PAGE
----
The coastal flanks of Mt Etinde is wedged between the sea and the southwestern slope of Mt Cameroon. The only fresh water resources available for multipurpose uses in this area are mountain springs and streams that drain volcanic materials. To access the sources, processes and assess the ecological risk associated with hydrochemicals and heavy metals in these mountain water resources, 18 water samples were collected in different seasons at 4 locations between may 2009 and december 2010 for major ions and heavy metals determination. The sampled waters ranged from neutral to slithly alkaline, weakly mineralized and dominated by Ca–Mg–HCO3 water type irrespective of season. The hydrochemical ratios revealed ions chemistry mostly influenced by geogenic source of silicate rock weathering and atmospheric inputs. Sampled waters had low concentration of heavy metals which are less mobile in the aqueous phase, controlled by hydraulic condition. Geochemical processes of mineral dissolution and reverse ion exchange coupled with hydrodynamic processes of flushing at the weathering front and soil leaching are the main controls on the water chemistry in the area. Despite agricultural and other anthropogenic activities, quality indices in the study area indicate the absence of anthropogenic inputs.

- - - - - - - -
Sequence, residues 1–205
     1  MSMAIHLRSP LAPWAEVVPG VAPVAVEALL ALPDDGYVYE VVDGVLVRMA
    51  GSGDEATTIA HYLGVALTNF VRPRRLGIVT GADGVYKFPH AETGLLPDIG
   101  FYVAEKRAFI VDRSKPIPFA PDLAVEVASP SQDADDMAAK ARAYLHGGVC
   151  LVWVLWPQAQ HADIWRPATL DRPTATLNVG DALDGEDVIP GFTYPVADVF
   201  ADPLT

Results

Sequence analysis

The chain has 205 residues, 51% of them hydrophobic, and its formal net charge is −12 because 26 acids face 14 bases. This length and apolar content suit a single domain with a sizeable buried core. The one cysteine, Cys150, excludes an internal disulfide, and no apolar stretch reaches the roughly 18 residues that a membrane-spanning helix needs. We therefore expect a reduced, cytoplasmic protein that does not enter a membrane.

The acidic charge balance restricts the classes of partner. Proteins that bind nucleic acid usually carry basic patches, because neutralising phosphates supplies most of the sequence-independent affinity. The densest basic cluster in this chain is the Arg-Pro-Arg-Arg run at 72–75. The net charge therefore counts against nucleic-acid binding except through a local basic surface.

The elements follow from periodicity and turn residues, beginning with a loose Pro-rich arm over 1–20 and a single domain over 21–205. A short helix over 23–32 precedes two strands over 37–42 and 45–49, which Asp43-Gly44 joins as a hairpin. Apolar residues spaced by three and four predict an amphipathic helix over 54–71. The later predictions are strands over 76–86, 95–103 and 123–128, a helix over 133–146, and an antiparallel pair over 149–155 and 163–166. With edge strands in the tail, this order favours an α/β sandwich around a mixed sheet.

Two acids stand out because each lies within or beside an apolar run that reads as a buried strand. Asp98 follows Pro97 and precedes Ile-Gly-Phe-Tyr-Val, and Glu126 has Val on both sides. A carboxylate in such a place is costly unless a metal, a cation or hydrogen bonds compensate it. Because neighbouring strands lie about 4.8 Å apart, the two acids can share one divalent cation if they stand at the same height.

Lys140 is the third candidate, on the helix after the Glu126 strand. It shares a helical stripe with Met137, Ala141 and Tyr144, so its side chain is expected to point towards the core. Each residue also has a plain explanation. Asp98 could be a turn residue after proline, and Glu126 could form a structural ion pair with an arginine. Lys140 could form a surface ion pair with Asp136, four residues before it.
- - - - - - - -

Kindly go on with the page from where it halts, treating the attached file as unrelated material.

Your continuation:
Key words: Major ions, heavy metals, rocks weathering, soil leaching, water quality assessment.
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